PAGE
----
During a median treatment duration of 5.1 (range 3.4-7.2) years, the most commonly reported AEs included upper respiratory tract infection (89 percent); nausea (63 percent); vomiting (58 percent); diarrhea (53 percent); hypercholesterolemia (high levels of cholesterol in blood) (47 percent); hypertriglyceridemia (high levels of triglycerides in blood), pain in arms and legs, headache, rash and abnormal liver function (each 42 percent). However, the majority of them were low grade. Two patients had at least one serious infection during the Phase 1 study, and none were reported during the Phase 2 extension study.
These abstracts were also published online in the December 6 supplemental volume of Blood.
MCD2001 Study Design
MCD2001 is a Phase 2 multi-national, randomized, double-blind, placebo-controlled study that evaluated the efficacy and safety of siltuximab plus best supportive care (BSC) versus placebo plus BSC in 79 patients with MCD who are HIV-negative and HHV-8-negative. MCD2001 is the first randomized study in MCD. Patients were randomized 2:1 to receive either siltuximab plus BSC or placebo plus BSC until protocol-defined treatment failure, after which patients taking the placebo could cross over to un-blinded siltuximab. Half of the patients on placebo (13 out of 26) crossed over to siltuximab.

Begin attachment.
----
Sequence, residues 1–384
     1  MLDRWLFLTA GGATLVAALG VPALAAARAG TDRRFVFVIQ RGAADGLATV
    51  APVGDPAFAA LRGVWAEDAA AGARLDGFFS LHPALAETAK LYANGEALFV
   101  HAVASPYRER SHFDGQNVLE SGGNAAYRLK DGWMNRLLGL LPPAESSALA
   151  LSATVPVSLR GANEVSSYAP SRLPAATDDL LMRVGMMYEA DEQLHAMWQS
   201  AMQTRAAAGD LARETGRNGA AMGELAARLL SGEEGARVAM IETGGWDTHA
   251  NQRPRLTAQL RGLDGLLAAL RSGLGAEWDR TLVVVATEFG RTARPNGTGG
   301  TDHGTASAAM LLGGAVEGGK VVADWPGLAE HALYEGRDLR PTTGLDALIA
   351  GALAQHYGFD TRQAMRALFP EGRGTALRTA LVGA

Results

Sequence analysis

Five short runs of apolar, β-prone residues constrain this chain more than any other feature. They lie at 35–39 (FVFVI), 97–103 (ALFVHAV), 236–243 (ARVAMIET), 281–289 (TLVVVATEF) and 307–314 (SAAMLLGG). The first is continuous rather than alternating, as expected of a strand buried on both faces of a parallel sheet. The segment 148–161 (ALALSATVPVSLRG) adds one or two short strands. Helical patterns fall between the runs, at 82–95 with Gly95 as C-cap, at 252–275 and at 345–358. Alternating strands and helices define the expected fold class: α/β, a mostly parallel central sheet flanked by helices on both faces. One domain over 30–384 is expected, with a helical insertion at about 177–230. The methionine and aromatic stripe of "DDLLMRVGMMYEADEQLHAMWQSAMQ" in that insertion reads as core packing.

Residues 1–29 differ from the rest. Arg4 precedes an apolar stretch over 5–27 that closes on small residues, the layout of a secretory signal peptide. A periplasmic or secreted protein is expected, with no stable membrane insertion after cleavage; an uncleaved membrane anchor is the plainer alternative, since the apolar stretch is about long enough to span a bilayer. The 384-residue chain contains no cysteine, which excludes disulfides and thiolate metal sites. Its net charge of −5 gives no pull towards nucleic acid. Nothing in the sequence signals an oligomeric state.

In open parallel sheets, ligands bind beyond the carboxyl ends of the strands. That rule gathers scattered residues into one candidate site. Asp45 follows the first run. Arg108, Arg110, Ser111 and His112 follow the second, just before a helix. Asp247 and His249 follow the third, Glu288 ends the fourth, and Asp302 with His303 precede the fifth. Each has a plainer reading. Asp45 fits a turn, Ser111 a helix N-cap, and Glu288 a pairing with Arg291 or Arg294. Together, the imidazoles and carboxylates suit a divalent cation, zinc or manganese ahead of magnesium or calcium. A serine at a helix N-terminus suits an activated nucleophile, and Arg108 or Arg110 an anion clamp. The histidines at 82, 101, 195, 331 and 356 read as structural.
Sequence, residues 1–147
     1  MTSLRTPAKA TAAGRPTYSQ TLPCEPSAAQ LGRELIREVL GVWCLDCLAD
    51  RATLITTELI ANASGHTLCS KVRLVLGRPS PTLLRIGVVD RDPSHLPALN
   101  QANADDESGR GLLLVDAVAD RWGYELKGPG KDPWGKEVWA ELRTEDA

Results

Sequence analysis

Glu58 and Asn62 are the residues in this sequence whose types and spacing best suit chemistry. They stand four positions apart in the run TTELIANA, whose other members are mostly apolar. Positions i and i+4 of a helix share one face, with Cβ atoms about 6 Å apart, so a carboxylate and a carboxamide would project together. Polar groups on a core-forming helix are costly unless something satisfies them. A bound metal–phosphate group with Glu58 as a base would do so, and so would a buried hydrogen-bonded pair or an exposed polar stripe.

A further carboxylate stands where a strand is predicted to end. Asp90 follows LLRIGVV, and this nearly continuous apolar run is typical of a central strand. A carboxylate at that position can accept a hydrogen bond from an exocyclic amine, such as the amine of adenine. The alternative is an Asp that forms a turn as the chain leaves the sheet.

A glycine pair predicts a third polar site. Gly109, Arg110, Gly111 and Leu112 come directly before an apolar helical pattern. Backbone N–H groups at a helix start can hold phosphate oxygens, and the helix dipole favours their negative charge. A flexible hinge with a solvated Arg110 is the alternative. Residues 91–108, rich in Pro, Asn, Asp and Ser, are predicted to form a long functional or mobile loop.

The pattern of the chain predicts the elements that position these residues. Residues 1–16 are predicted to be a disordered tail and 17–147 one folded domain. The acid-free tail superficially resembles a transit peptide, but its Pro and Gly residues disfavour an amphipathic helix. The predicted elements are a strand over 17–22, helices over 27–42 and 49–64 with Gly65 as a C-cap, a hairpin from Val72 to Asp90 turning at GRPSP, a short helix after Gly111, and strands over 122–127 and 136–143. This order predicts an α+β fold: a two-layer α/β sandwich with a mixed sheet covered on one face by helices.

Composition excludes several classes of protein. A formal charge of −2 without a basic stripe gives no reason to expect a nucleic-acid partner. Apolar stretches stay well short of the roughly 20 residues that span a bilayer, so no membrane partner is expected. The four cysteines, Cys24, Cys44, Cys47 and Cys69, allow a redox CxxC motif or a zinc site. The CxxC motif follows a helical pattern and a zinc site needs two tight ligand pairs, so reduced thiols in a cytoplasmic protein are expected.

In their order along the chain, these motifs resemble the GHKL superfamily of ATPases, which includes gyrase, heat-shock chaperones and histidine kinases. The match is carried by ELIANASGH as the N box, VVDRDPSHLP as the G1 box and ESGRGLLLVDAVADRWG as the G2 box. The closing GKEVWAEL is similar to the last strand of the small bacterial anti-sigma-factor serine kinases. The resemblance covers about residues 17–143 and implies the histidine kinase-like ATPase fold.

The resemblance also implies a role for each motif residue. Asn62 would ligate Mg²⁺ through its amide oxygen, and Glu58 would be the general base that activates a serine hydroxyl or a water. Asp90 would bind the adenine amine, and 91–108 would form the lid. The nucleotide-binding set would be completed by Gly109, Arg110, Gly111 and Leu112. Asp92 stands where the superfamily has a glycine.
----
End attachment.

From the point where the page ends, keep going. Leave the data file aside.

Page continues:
The primary efficacy endpoint of the study was durable tumor and symptomatic response, defined as partial response or complete response (Cheson criteria) by independent radiological review, and improvement/stabilization in MCD-related symptoms for at least 18 weeks. Secondary endpoints included additional predefined efficacy measures and safety. The primary analysis occurred after the last treated patient completed assessments at 48 weeks.
Baseline MCD symptoms included fatigue (86 percent), malaise (61 percent), night sweats (52 percent), peripheral sensory neuropathy (nerve damage in the peripheral nervous system) (38 percent), anorexia and pruritus (itching) (37 percent each). Median treatment duration was 375 days with siltuximab versus 152 days with placebo, with 64 percent versus 27 percent completing 48 weeks of treatment, respectively.